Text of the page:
• In the US, the Consumer Price Index (CPI) rose by 0.2% in the month of February, in line with expectations. However, on an annual basis consumer price inflation was at the lowest level since late 2016 at 1.5%. Core inflation, which excludes volatile food and energy components, came in at 2.1% over the same annual period. Analysts had forecasted unchanged inflation readings of 1.6% and 2.2% respectively. Real average weekly earnings rose by 1.6% in the year to February, following on from the 1.9% growth recorded in the year to January. Whilst a 0.2% rebound in US retails sales was recorded in January despite consensus estimates of a flat reading, December's reading was revised lower from an initial estimate of -1.2% to -1.6%, the worst reading in over 9 years. Industrial production edged up by 0.1% in February, up from the revised contraction of 0.4% recorded in the previous month, but below expectations for a 0.4% growth.
  • In the UK, the economy grew by 0.2% in the three months to January, in line with expectations. Industrial production recorded its first rise since July 2018 as it increased by 0.6% in the month of January, rebounding from the 0.5% contraction in December and beating expectations of a 0.2% increase. Manufacturing production rose by 0.8%, well ahead of the 0.2% increase expected by the analysts and rebounding from the 0.7% fall recorded in the previous month. The trade deficit widened to £3.8bn in January from a revised deficit of £3.4bn in December due to a fall in car exports. Elsewhere, the Rightmove House Price Index fell by 0.8% in the year to March, following the 0.2% growth recorded previously.
  • Eurozone industrial production increased by 1.4% in January, reversing the 0.9% decline recorded in December and beating analyst forecasts of a 1.0% increase. In Germany, industrial production fell sharply by 0.8% against expectation for a 0.5% increase. However, December’s reading was revised higher to a 0.8% growth from an initial estimate of 0.4% decline. The German trade surplus decreased to €14.5 billing in January from €17.2 billion in the previous year as imports (+5.0% YoY) grew faster than exports (+1.7% YoY).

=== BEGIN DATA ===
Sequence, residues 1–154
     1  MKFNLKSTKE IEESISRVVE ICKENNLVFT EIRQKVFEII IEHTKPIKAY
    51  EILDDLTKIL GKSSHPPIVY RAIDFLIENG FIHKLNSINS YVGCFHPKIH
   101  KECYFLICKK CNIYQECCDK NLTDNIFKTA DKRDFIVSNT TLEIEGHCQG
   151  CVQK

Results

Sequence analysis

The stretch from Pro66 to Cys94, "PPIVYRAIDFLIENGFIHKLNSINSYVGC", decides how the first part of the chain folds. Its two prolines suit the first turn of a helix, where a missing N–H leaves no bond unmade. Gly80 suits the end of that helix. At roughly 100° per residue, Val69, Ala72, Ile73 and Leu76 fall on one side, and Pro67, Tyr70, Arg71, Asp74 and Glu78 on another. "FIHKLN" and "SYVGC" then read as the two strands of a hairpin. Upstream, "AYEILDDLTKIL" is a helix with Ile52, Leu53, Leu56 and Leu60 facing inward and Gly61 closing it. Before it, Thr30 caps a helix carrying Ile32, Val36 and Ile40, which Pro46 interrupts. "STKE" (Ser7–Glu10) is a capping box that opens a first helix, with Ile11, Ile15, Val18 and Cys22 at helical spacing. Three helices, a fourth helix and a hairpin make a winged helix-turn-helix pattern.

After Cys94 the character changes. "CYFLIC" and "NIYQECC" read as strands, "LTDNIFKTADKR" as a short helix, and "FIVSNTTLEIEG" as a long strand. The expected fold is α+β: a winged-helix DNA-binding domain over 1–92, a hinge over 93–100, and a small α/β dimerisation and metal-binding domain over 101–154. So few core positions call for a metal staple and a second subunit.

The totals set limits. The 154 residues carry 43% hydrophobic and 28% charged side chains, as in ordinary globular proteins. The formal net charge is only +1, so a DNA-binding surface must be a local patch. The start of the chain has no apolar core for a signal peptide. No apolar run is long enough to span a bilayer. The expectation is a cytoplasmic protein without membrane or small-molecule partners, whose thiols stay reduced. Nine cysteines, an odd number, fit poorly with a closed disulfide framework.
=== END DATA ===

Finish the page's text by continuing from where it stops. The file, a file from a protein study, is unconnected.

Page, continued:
• The Bank of Japan (BoJ), as expected, left its ultra-low interest rate policies unchanged in its latest monetary policy meeting. The BoJ suggested it is likely that Japan's economy will contract again in Q1 2019, for the third time in five quarters. Core machinery orders fell at the fastest rate in over a year, falling by 5.4% in the month of January, worse than the consensus estimates of a 1.5% fall. However, the Tertiary Industry index rebounded by 0.4% in January against a forecasted decrease of 0.3%. Japan posted a trade surplus of ¥339.0bn in February, higher than analyst forecasts of a ¥305.1bn surplus and rebounding from January’s deficit of ¥1,415.6bn. Exports declined by 1.2% in the year to February, worse than the forecasted 0.6% decline but better than the previous month’s decline of 8.4%. Imports fell by 6.7% over the same period, slightly worse than the estimated 6.4% decrease but significantly worse than the previous month’s decline of 0.8%.
  • In China, industrial production grew by 5.3% in the year to date (compared to the same period last year). This is slower than the estimated growth of 5.6% and the 6.2% increase recorded previously; indicating the slowest pace of growth in seventeen years. Fixed asset investment grew by 6.1%, in line with consensus estimates over the same period. Jobless rate rose by 0.4% to 5.3% in February. Elsewhere, Chinese central bank officials pledged not to de-value their currency in order to boost exports, helping to resolve a key issue in the US-China trade negotiations.

The information contained above should be regarded as general information only. That is, your personal objectives, needs or financial situation were not taken into account when preparing this information. Accordingly, you should consider the appropriateness of acting on this information, particularly in the context of your own objectives, financial situation and needs. Nothing in this document should be treated as an authoritative statement of the law on any particular issue or specific case. Use of, or reliance upon any information in this post is at your sole discretion. It should not be construed as legal, tax or investment advice. Please consult with your independent professional for any such advice. The information contained within this blog is given as of the date indicated and does not intend to give information as of any other date. The delivery at any time shall not, under any circumstances, create any implication that there has been a change in the information since the date of publication, or any obligation to update or provide amendments after the original publication date. The blog content is intended for professional investors only.